Since the program’s 2006 launch in Hannaford Supermarkets, more than 1,700 stores in North America have implemented the program and witnessed significant improvement in the nutritional profile of the foods they offer.  During the first year for the Guiding Stars program at Hannaford, only 17 percent of that retailer’s private label products earned at least one Guiding Star.  Five years later, after working closely with its private label manufacturers, Hannaford saw the proportion of its private label foods earning one or more Guiding Stars increase to 28 percent.  This compares favorably with the 25 percent of overall packaged foods carried by Hannaford—including national brands—earning one or more Guiding Stars.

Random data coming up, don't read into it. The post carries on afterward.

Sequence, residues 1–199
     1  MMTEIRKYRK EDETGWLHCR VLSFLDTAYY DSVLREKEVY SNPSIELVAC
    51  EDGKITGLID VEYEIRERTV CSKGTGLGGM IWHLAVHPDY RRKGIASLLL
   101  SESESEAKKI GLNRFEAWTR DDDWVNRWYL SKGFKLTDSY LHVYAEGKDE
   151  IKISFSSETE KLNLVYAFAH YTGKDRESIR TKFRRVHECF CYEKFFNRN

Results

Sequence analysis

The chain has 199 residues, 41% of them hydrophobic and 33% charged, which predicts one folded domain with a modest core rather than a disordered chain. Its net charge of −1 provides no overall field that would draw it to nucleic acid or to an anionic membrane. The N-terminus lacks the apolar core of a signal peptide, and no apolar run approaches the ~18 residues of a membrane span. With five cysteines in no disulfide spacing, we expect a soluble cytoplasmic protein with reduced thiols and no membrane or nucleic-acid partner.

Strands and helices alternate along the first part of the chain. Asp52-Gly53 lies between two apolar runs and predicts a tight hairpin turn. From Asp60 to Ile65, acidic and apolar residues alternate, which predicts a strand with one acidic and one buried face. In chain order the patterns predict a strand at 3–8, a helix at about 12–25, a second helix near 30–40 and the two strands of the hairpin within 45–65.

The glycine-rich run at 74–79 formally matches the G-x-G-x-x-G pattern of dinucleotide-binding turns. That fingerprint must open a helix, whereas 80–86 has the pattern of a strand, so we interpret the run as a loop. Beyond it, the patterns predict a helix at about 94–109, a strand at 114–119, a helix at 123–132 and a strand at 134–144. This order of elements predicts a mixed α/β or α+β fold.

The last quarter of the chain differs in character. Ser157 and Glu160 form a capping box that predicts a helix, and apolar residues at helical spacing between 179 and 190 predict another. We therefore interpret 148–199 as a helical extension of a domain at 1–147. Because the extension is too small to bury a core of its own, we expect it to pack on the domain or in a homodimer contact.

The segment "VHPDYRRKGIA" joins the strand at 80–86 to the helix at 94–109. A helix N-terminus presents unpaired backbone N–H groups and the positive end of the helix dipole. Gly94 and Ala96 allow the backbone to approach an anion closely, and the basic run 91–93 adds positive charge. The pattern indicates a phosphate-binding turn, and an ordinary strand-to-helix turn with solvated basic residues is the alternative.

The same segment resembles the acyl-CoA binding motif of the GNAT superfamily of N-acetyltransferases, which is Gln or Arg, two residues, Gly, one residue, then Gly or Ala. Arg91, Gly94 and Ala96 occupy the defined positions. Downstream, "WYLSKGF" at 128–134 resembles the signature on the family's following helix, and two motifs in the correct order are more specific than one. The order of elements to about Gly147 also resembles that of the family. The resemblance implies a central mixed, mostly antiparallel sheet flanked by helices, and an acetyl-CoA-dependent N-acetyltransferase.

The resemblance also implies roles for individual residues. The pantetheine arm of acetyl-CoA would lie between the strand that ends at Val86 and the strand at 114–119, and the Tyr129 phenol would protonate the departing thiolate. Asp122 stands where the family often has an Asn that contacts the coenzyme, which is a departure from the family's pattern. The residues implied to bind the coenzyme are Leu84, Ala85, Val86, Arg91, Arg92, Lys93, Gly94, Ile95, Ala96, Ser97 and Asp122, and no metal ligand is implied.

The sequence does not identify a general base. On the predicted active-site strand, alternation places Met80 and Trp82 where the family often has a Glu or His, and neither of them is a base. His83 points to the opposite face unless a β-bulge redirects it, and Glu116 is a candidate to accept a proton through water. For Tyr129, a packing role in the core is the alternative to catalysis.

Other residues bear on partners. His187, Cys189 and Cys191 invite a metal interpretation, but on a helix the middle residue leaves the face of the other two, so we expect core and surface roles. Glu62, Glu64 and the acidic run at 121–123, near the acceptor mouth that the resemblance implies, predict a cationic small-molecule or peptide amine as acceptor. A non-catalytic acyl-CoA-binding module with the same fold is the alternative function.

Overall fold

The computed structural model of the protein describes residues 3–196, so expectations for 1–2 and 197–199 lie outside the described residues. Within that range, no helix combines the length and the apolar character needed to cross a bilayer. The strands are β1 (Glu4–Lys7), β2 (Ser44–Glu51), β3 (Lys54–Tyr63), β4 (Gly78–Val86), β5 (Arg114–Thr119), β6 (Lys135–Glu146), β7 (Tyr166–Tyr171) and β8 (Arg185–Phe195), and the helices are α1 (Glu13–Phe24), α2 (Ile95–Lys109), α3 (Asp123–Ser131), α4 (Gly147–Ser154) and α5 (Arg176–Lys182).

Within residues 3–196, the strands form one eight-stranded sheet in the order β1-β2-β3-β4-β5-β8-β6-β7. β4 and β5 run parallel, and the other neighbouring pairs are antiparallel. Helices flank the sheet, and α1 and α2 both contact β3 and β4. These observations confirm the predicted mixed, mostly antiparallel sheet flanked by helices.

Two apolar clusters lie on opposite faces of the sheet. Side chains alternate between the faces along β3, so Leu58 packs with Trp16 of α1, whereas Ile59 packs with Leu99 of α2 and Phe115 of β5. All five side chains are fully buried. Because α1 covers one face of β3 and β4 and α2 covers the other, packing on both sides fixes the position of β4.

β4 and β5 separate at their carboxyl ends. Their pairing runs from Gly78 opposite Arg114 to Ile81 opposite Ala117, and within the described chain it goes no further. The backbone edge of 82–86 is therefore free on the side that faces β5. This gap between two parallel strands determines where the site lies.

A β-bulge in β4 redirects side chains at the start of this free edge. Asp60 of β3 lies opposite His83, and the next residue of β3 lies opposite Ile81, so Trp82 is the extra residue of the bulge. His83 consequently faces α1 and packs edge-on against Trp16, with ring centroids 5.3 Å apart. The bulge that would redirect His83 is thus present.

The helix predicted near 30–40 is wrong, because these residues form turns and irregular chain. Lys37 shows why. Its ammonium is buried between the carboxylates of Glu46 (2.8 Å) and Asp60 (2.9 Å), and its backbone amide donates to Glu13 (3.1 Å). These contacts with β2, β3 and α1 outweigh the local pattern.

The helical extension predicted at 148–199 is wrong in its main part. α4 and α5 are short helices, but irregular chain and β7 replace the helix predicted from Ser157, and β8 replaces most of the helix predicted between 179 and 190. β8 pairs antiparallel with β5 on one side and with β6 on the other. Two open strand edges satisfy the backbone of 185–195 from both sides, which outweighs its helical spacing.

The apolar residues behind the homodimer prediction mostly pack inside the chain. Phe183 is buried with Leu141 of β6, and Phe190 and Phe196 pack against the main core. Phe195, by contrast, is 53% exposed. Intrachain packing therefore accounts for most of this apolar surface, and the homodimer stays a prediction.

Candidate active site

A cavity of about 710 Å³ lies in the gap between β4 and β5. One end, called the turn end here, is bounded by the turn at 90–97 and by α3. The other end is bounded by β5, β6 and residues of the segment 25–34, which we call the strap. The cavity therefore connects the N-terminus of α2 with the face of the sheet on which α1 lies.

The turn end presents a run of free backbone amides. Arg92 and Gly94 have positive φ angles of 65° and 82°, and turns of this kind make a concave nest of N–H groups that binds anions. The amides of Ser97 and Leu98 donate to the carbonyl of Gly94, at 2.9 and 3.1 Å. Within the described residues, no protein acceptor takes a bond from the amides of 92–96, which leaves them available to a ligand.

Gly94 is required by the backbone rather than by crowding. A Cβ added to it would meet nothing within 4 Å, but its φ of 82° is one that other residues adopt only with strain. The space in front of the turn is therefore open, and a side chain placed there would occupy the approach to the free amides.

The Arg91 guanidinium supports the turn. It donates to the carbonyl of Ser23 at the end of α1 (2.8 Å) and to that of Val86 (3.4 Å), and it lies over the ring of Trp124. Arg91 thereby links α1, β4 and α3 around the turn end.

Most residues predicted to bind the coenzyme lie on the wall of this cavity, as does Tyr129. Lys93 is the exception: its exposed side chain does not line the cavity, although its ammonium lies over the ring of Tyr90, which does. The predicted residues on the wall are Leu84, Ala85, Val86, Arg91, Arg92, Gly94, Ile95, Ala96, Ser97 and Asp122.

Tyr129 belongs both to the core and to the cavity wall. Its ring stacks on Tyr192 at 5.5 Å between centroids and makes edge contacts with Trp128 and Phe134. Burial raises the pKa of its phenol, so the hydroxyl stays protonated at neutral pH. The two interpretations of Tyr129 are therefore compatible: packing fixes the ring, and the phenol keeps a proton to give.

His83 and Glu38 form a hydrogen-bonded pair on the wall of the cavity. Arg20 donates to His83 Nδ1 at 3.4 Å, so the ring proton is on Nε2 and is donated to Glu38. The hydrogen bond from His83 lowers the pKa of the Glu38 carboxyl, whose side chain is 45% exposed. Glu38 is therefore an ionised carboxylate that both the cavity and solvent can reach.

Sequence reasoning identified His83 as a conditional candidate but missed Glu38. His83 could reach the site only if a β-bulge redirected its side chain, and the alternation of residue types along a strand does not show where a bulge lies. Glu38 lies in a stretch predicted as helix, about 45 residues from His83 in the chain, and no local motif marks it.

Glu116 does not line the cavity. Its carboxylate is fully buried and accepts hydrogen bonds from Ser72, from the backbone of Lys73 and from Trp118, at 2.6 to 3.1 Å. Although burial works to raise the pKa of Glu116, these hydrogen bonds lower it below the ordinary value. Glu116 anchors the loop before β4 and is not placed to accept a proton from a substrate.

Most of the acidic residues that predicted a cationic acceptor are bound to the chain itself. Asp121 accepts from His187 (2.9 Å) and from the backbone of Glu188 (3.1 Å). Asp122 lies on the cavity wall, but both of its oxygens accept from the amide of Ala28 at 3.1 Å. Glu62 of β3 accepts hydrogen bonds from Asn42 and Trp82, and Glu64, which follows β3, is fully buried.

Across the Guiding Stars database of more than 100,000 national and store brand foods, roughly one-third of all products now earn at least one Guiding Star, compared to only one-fourth just five years ago. A number of manufacturers have made significant improvements in the nutritional profile of their products, earning more Guiding Stars for their efforts, including:

  • Dole Pineapple Chunks in 100% Fruit Juice, which went from 0 Guiding Stars to 2 Guiding Stars after changing from “packed in light syrup” to “packed in 100% juice,”
  • DelMonte Fresh Cut Sweet Peas increased from 0 to 1 star after reducing both sodium, and added sugars,
  • Thomas’ Light Multi-Grain Hearty Muffins went from 2 to 3 stars after removing the added sugars, and increasing calcium,
  • Kelloggs Raisin Bran Crunch Cereal changed from 0 to 1 star by reducing the amount of added sugars,